Thursday, September 4, 2008

Singin' in the Rain

Elkmont Trip – 8/26/08 - Day Two – AT/Goshen Prong Trail/Little River Trail – 13.5 miles

Rain trickles
Rain pounds
Dawn glimmers
Car starts
Friends meet
Decisions made
Fog engulfs
Hikers persist
Boots slosh
Socks squish
Hats drip
Clothes soak
Creeks rush
Waters rise
Bridge delights
Flowers peek
Forest shimmers
Trees tower
Fairies hide
Houses appear
End nears
Darkness falls
Hikers rest
Rain trickles
Rain pounds

Our first night in Elkmont Campground was wet, but my good old beach canopy over the picnic table was great. The same cannot be said for my good old Quest tent. Carol’s side sprung a leak that we kept at bay with a towel and plastic garbage bags. We awoke to rain on Tuesday morning, which we thought was unfortunate but not the end of the world. We learned a lot that day about hiking in the rain.

We had plans to meet my friend Judy at the Clingmans Dome parking lot at 9:00 AM. The ride up took nearly an hour and there were few cars on the road. Clingmans is the highest point in Tennessee, in fact, the highest point on the entire Appalachian Trail. It was August, but it was cold up there! A sunny day on Clingmans Dome is a rarity that we would not enjoy on this day. There was one other car in the large parking lot, and then Judy arrived. She hopped in my car and the three of us played chicken for a minute to see who would say, “Let’s bail.” Actually, we did discuss the safety of the hike, but the good old “what the hey, we’re here, let’s go for it” won out. The hike would be 13.5 miles downhill to the Elkmont Campground. How hard could that be?

All in all, except for the rain, it was an easy hike. This was Carol's first step on the AT as she prepares for her thru-hike a couple of years from now. Judy was also excited to set foot on the AT again, having hiked through here on a 900-mile section hike a couple of years ago. I was not too terribly upset because I knew I would pass this way again and hopefully get the views another time. The AT has a magical quality even in the rain, up there on the ridge where you know thousands of pilgrims have passed before you. When it rains it is sometimes referred to as the Appalachian River – today was a good example.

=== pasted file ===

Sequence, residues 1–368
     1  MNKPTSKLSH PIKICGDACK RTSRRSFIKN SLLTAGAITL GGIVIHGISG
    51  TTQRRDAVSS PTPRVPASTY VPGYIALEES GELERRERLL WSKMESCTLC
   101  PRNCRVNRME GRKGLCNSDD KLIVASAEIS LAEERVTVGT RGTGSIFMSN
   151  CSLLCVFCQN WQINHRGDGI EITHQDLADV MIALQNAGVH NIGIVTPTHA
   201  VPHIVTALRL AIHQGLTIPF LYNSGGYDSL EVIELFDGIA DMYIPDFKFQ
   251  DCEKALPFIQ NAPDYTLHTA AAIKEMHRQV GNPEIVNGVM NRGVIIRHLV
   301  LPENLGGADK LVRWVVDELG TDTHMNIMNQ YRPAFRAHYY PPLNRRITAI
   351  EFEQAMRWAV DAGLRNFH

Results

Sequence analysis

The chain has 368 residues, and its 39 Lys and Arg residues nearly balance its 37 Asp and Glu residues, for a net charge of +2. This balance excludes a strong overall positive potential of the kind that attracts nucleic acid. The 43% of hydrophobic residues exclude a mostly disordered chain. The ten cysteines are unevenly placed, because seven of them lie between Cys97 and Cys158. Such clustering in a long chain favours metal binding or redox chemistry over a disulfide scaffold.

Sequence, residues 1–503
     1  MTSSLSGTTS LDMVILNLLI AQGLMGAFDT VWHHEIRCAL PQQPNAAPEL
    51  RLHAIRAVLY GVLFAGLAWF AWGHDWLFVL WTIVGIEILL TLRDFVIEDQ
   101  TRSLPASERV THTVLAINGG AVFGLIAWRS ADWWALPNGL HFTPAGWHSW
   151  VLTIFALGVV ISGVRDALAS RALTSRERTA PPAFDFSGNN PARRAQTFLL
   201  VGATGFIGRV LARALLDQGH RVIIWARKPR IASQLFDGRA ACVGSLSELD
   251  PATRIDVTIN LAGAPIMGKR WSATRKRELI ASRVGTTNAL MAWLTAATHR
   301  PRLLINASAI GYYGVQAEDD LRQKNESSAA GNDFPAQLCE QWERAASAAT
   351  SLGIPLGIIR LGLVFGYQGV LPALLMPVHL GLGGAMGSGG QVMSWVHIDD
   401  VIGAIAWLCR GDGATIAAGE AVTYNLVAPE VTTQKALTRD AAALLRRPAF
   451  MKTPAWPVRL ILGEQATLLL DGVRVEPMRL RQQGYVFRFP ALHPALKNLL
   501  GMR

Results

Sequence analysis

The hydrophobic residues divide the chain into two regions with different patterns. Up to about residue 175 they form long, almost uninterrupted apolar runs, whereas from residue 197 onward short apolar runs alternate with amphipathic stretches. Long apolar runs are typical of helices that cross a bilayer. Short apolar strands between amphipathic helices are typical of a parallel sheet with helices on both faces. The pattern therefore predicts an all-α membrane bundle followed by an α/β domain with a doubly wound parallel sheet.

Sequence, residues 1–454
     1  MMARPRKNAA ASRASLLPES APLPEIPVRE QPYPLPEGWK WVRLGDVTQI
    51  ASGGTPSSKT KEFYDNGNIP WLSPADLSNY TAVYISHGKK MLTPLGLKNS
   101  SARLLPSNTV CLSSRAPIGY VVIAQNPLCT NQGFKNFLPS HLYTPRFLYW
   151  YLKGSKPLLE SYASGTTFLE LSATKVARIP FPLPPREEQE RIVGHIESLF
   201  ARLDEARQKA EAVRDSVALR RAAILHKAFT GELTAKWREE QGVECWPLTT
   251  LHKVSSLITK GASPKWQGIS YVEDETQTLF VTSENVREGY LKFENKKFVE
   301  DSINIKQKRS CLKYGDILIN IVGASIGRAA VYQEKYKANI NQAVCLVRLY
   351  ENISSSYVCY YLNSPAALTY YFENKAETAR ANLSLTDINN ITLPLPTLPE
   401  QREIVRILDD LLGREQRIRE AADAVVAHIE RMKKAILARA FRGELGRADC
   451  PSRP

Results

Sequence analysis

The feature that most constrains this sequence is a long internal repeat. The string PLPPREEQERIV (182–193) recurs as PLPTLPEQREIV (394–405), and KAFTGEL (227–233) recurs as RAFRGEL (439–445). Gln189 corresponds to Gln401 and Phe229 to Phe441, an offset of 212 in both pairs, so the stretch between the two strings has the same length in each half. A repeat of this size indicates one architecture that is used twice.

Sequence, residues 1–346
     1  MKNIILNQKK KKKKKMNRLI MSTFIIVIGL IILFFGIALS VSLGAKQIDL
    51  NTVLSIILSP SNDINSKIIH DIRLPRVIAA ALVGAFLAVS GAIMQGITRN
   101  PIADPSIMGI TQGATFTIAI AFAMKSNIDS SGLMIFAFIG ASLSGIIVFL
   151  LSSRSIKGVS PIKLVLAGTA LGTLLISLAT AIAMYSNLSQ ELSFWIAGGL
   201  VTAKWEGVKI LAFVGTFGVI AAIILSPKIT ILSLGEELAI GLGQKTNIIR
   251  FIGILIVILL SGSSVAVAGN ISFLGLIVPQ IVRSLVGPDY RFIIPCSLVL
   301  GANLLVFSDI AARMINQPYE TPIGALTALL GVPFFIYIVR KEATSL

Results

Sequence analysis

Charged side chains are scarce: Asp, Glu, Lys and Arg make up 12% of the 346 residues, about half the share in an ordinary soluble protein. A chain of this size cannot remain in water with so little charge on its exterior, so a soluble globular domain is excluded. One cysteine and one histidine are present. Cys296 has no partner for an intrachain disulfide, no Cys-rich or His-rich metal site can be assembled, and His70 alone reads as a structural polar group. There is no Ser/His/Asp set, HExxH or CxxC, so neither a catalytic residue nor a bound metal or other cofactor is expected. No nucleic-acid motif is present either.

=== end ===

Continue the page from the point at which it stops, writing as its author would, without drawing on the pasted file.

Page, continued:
Goshen Prong Trail was tolerably steep and gushing and we were soon entirely soaked. The guidebook mentions a couple of small rock hops across creeks, but we were treated to a half a dozen more than that, plus some splendid mini-waterfalls and a couple of creeks that were very challenging. Judy and I had hiking poles but Carol did not, and at one crossing I went part of the way across, and in handing one stick back to Carol I slipped off my rock and into the water. Yes, it is possible to get wetter than wet! Hiking poles are indispensable for keeping balance while crossing water. This photo shows how swollen the creeks were from the rains.

When a tree falls in the forest…well, I don’t know if it makes a sound, but it does make a mess sometimes. Blowdowns are trees that have been blown over by wind, sometimes broken off along the trunk but most often toppled from the roots. You may think that tree roots grow really deep, but they actually spread out very far and nearer the surface. Judy is standing in front of a huge blowdown and you can see the chunk of earth that was ripped out when the tree went over. Over many years the soil will wash away and the bare roots will look like a sculpture.

We wound our way down the mountain and over Goshen Gate Bridge and to the intersection with Little River Trail. From here it was a walk on an old road bed through a section of houses known as the Elkmont cottages that were vacation homes. Some of the cottages are in the process of being restored, but not the ones we passed. These were overgrown and deteriorated, yet the benches in the front yard of one evoked a time when neighbors may have borrowed eggs and cups of sugar.

Judy was camping with us and made a fabulous real meal, angel hair pasta with a sweet and sour sauce, and now I am quite spoiled for camp cooking (by someone else). The rain persisted, darkness fell and we were heading for our tents by 8:30 PM. Carol decided to give up fighting the leaky tent and slept in her car. In the meantime, my side had also begun to drip, so I moved it all to the middle and lay on my damp pillow and snoozed away. Another good day in the mountains.

No comments: